Enjoy this one: https://www.youtube.com/watch?v=5Y5wdUkVKb0. even though it is nothing unusual. Traffic rules are simply different: For all participants: keep up speed and direction. You get run over if you don´t follow this rule.
My company had a large industrial project to support in the Shanghai region. Within periodic 3 monthly visits i witnessed the installation of 30 charging stations behind the workshop. I go to China since 1994, but they still surprise me with the speed they get things done.
In Germany, every company from a certain size on is required to provide charging stations for employees on company ground.
There are many issues with E-cars still unsolved. Not everywhere they are useful. But they are coming.
What is the US doing? Have Elon Musk do the job alone? Politics has to give guidelines and assist. Why not do it like the Chinese do with the licence plates. It works. Otherwise China will run circles around the US (and Europe) - and no more Chevy Volt, my condolences.
The US, just as other countries, is spreading charging stations. I would have thought that was apparent; a quick look at Google will show it.
But they cannot cover 4 million square miles (plus Alaska) overnight and doubly so when such a large percentage will never be used.
In addition, American car manufacturers are investing heavily in electric cars (and hybrids). I've seen tires specifically formulated for high fuel mileage come into being in just the last few years.
And some parts of the US have begun taxing owners of electric cars, and plug in hybrids, above and beyond gasoline guzzlers My complaints fall on deaf ears; as MPG figures rise (to infinite for electrics) there isn't enough money for road work...so those living green must pay more.
Wilderness, picking up on your point about seeing a charging station in Crianlarich in Scotland; one interesting bit of statistics is that (since 2019) there are now more charging points in Britain than petrol (gas) stations:-
In 2019: Total of 9,300 electric vehicle (EV) charging locations (30,000 charge points) across the UK, compared with 8,385 fuel stations. I’m not sure how many petrol pumps per fuel station, but still an interesting trend, especially considering that the sale of new petrol and diesel (fossil fuel) cars will be banned in the UK by 2035 (Bristol, where I live, is to ban the use of diesel cars in the city as from March next year).
EV Charging Points in Petrol (Gas) Stations in UK: https://youtu.be/nst2RGtgzfk
Conversion of Streetlamps (lamp posts) to EV Charging Points in UK (German Innovation): https://youtu.be/rKaEhBjt1ls
The general issue with charging stations is the grid. To have high performance charging (larger than 100 kW to charge within 60 min.), this will overload the supply grid.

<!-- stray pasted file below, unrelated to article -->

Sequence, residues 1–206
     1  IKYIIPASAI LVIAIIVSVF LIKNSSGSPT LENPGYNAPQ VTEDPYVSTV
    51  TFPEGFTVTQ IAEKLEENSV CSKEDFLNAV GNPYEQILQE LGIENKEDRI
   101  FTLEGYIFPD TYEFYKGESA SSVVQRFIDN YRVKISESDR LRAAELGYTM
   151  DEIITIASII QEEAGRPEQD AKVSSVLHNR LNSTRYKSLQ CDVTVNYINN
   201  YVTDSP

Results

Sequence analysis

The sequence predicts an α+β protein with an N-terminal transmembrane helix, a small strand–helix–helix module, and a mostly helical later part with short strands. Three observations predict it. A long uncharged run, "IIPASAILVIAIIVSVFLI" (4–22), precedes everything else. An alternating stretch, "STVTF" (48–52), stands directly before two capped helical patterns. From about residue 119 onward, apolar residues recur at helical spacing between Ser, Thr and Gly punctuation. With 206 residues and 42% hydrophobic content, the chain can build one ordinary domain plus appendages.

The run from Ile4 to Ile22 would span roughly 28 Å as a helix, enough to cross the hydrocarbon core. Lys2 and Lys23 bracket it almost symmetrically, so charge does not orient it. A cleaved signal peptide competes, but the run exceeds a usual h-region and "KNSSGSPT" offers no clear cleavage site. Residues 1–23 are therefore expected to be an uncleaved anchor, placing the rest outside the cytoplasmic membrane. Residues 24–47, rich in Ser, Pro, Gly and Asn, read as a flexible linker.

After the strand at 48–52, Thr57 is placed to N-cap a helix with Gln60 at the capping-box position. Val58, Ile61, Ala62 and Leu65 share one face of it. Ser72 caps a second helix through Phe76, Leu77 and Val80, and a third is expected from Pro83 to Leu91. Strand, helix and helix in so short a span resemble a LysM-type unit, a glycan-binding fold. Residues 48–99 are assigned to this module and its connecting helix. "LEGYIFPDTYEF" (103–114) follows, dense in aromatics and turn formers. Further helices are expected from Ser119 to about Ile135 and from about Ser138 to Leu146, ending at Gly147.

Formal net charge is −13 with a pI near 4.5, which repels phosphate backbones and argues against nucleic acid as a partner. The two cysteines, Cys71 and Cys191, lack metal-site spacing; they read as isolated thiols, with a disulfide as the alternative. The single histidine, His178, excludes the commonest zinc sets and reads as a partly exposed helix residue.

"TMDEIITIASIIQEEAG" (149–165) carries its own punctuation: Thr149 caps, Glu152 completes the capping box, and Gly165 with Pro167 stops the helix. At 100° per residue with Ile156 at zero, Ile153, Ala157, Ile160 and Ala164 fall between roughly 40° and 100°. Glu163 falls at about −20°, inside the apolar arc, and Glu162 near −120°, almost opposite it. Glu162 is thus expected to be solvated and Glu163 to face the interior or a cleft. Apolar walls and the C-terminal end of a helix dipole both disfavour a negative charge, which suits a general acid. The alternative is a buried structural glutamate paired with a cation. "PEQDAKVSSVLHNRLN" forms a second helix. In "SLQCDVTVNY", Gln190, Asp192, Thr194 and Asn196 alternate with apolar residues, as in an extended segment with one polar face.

I live in a street with some 100 houses. No mansions or villas, but upper middle class housing where all residents being able to afford E-cars. If our street would use E-cars with inhouse charging to only 10% of supply capacity, it would blow the fuses of main street supplies. Even regular house connection only allows some 20KW power inlet. Good for overnight charging, but still bad for the grid.
I am very sceptical about streetlight posts charging. Streetlights have low power connection. Hook up a Tesla and you either have a blackout or you park the car for a week to recharge.
This is one of the unsolved issues with E-mobility. How to supply electricity on the last km of the grid. The business consultant in me makes this calculation: Typical charging is 20 kW, takes 5 hours to recharge. Typical refill at a gas station is 5 minutes. Set aside the convenience factor, a single gas station with 4 hookups is worth 4 x 5 x 60/5 = 240 charging stations. Room for improvement.
I tend to promote either Hydrogen fuel cells or standardized battery packs with a quick change mechanism (like camping gas balloons). Just saying..
I am a little surprised at your comments; it makes it sound as if the UK is actually doing better in the EV Charging Points Infrastructure than Germany is?
Albeit it’s not inconceivable: In that a few years back Theresa May (then Conservative Prime Minister), committed the UK Government to funding of the development of the UK’s EV Charging Infrastructure, in joint partnership with private enterprise: With a policy goal of making public and private charging points available to every UK household by 2035.
1. The Home EV Chargers in the UK are ‘trickle charge’; 7.4Kw, and takes about 8 hours for a full charge.
2. The lamp post chargers are only 3.6Kw, and are intended as a top up e.g. add a bit of juice to a car while visiting friends, or a slow overnight top up etc.
3. On the move, all the charging points in the UK are ‘Rapid Charge’ e.g. typically 50Kw at the moment, but increasingly 100Kw and higher are becoming more common. A Rapid Charge at 50Kw will add 100 miles in 35 minutes; which is sufficient for most drivers.